In the middle of the beautiful Speyside, at the intersection of three whisky streets, between Dufftown, Aberlour and Rothes you will find the Craigellachie whisky distillery. Craigellachie, pronounced like ‘kreg-elláchie’ which means ‘rocky hill’. Craigellachie Single Malt Whisky is sweet and malty, it likes to show nutty as well as fruity notes and sometimes light smoke.
What does Craigellachie’s single malt taste like?Craigellachie Single Malt Whisky is sweet and malty, he likes to show nutty notes, as well as fruity and sometimes light smoke.
With the Craigellachie 13 years and the Craigellachie 17 years, two old-school single malts have been brought onto the market. If you are interested in this exciting distillery, you should also look out for bottlings from the independant bottlers, Signatory or Gordon and MacPhail.
How is Craigellachie whisky produced?Craigellachie produces in four stills - two spirit and two wash stills. The mash tun is made of stainless steel and there are eight fermentation tanks, each with a capacity of 45,000 liters. The water for the Craigellachie Whisky comes from the Blue Hill. The malt is obtained from central malting plants. Most of the production is blended for blended Scotch whisky, for example the White Horse.
Craigellachie was founded in 1891 by the Craigellachie-Glenlivet Distillery Company in the late 19th century. The construction of the distillery dragged on for a few years, so that the first alcohol was not distilled until 1898. In the middle of World War I, in 1916, Mackell & Company Distillers Ltd. took over Craigellachies. The new owners were taken over by Distillers Compant Limited (DCL) in 1927 and in 1930 the distillery was transered to their malt arm Scottish Malt Distillers (SMD).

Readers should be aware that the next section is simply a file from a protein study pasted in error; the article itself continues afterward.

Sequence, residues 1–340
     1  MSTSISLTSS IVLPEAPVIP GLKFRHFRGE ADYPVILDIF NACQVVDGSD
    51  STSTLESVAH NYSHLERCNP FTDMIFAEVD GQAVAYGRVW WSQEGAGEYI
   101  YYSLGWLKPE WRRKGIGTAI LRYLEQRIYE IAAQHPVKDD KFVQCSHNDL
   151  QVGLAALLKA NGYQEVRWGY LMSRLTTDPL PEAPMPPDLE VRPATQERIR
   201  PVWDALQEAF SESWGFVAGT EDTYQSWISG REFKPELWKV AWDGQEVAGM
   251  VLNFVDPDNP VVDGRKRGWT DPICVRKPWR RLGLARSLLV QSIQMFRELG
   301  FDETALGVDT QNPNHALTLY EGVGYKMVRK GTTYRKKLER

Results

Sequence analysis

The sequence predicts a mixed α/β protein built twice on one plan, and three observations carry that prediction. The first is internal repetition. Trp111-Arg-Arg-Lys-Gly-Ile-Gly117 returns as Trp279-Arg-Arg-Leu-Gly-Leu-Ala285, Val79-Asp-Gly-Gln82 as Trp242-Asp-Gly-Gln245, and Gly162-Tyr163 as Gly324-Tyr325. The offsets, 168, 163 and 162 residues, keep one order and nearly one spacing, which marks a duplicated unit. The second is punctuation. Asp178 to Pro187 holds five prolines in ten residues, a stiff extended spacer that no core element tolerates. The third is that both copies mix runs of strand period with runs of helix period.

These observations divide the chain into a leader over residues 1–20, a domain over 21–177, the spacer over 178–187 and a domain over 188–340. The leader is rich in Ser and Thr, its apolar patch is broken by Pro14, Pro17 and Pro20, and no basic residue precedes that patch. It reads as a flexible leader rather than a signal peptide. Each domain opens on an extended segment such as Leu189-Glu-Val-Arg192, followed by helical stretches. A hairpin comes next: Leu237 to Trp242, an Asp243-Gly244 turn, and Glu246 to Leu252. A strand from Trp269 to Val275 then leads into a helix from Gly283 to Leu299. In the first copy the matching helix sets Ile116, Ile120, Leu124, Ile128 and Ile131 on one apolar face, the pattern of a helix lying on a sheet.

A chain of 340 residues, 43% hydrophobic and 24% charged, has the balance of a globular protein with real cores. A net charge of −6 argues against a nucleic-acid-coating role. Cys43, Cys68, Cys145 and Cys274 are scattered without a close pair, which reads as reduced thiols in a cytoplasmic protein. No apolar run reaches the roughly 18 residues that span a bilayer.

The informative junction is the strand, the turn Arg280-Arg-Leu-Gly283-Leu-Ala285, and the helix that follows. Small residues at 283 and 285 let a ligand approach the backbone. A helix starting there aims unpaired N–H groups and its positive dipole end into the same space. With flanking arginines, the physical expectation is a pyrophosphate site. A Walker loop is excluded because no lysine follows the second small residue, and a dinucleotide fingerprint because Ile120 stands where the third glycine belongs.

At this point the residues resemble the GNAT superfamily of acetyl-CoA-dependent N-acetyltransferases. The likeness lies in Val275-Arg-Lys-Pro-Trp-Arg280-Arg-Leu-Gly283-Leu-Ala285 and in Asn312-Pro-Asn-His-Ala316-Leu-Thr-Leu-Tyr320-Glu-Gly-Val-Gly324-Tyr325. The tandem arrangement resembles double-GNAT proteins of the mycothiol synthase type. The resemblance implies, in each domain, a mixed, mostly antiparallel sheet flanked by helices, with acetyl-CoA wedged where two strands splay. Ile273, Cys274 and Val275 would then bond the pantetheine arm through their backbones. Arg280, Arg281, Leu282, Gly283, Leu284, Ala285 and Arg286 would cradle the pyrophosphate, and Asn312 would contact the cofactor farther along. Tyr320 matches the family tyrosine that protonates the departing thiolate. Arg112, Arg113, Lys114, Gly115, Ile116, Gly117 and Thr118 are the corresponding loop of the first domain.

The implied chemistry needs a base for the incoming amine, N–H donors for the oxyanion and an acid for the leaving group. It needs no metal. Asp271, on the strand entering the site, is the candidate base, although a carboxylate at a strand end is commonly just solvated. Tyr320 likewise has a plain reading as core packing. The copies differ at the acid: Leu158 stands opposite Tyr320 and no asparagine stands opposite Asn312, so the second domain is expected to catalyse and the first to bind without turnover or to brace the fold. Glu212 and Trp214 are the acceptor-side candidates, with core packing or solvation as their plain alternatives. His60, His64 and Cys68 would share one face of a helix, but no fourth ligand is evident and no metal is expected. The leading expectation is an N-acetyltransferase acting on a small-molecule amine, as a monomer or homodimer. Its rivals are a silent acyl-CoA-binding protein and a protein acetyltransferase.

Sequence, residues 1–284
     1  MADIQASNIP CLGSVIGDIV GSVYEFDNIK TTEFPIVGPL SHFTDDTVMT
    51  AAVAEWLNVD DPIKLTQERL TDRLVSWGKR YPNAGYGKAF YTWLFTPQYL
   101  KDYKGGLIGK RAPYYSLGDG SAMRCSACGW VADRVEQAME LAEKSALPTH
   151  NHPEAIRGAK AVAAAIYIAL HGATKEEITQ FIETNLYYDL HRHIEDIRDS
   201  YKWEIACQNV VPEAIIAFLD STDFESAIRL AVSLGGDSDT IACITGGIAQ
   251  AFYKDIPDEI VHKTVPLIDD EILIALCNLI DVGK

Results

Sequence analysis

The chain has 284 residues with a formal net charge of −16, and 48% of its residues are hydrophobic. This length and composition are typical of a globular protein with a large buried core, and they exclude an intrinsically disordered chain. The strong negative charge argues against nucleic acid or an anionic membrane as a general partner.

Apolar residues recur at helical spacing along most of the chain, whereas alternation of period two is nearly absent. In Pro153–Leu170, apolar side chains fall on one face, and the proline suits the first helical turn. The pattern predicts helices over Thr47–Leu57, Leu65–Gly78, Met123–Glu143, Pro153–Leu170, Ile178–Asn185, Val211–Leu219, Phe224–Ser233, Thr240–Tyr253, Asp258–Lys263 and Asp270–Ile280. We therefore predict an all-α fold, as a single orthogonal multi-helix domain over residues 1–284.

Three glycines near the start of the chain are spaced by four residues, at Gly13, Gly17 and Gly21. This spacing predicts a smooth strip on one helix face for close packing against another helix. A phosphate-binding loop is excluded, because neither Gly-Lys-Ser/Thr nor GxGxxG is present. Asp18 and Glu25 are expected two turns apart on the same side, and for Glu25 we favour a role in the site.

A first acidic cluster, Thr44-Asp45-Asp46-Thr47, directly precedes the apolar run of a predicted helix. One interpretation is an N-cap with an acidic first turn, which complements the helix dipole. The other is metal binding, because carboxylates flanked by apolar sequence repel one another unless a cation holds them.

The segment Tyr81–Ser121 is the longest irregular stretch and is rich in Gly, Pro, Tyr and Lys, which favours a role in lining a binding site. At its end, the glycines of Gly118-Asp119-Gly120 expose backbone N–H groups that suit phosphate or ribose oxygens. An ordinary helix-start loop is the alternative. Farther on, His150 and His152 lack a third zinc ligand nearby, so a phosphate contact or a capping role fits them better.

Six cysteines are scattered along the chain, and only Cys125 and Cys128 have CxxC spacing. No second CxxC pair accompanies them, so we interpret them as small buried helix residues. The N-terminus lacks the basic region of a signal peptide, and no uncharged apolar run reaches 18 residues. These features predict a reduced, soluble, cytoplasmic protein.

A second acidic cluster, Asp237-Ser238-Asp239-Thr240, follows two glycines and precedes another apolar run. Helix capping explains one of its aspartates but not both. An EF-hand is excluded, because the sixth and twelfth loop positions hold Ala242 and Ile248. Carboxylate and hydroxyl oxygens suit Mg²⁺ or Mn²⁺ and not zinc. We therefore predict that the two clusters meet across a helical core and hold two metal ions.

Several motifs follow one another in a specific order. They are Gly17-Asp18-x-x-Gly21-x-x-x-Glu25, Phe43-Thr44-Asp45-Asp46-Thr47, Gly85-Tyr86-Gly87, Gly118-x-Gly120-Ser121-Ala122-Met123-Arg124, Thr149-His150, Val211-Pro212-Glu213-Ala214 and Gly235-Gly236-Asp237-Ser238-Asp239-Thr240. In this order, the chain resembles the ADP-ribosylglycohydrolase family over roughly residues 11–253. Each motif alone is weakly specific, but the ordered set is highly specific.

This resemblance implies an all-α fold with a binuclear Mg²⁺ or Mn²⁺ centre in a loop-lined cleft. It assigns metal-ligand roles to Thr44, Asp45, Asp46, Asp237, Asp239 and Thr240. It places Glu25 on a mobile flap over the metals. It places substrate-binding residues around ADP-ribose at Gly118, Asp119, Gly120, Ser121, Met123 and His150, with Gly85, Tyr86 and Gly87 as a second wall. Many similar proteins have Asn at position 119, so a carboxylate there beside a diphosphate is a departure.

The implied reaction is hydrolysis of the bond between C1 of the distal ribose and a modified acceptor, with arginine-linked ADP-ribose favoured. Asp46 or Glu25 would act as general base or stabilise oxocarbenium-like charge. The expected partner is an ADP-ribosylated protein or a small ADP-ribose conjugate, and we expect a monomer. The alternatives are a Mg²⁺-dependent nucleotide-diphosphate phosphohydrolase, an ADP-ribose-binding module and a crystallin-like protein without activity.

Around 30 years later - in 1964 - the distillery underwent extensive renovation and expansion, in which one also upgraded from two to four stills. In 1987 Craigellachie went to UDV, which held the distillery until 1998. The period under Diageo was not a good time for Craigellachie, the distillery received little attention. Fortunately, the tide has turned under the new owner Dewar & Sons.
|Name||Pronounced||AKA||Region||Country of Origin|
|Status||Active||Whisky Type||Website||Tours Available|
|Active||1891 - Present||Malt||Craigellachie||Tour Link|
|Manager||Distiller||Blender||Owned by||Parent Group|
|Unknown||Dewar & Sons|
1891: Built by the Craigellachie Distillery Co. Ltd., a partnership of blenders and merchants led by Alexander Edward. The other story is that the distillery was established by Peter Mackie. After he inherited Lagavulin Distillery, he formed a partnership with Alexander Edward (1888 & 1898 mentioned as well)
1893: Incorporated as a limited company
1896: Reconstructed as the Craigellachie-Glenlivet Distillery Ltd.
1916: Craigellachie-Glenlivet Distillery Ltd. acquired by Mackie & Co. (Distillers) Ltd., owners of the White Horse Brand, who had had a share from the start
1927: Acquired by the Distillers Company Ltd. (DCL)
1930: Transferred to Scottish Malt Distillers Ltd. (SMD)
1964-65: Rebuilt when extended from two to four stills, which all became steamheated. Licensed to White Horse Distillers Ltd., Glasgow
1998: Sold to John Dewar’s & Sons Ltd. (owned by Bacardi Ltd.) after the merge of United Distillers (UD) with International Distillers and Vintners (IDV)
1999: Owned by John Dewar’s & Sons Ltd.
2004: Owned by John Dewar’s & Sons Ltd.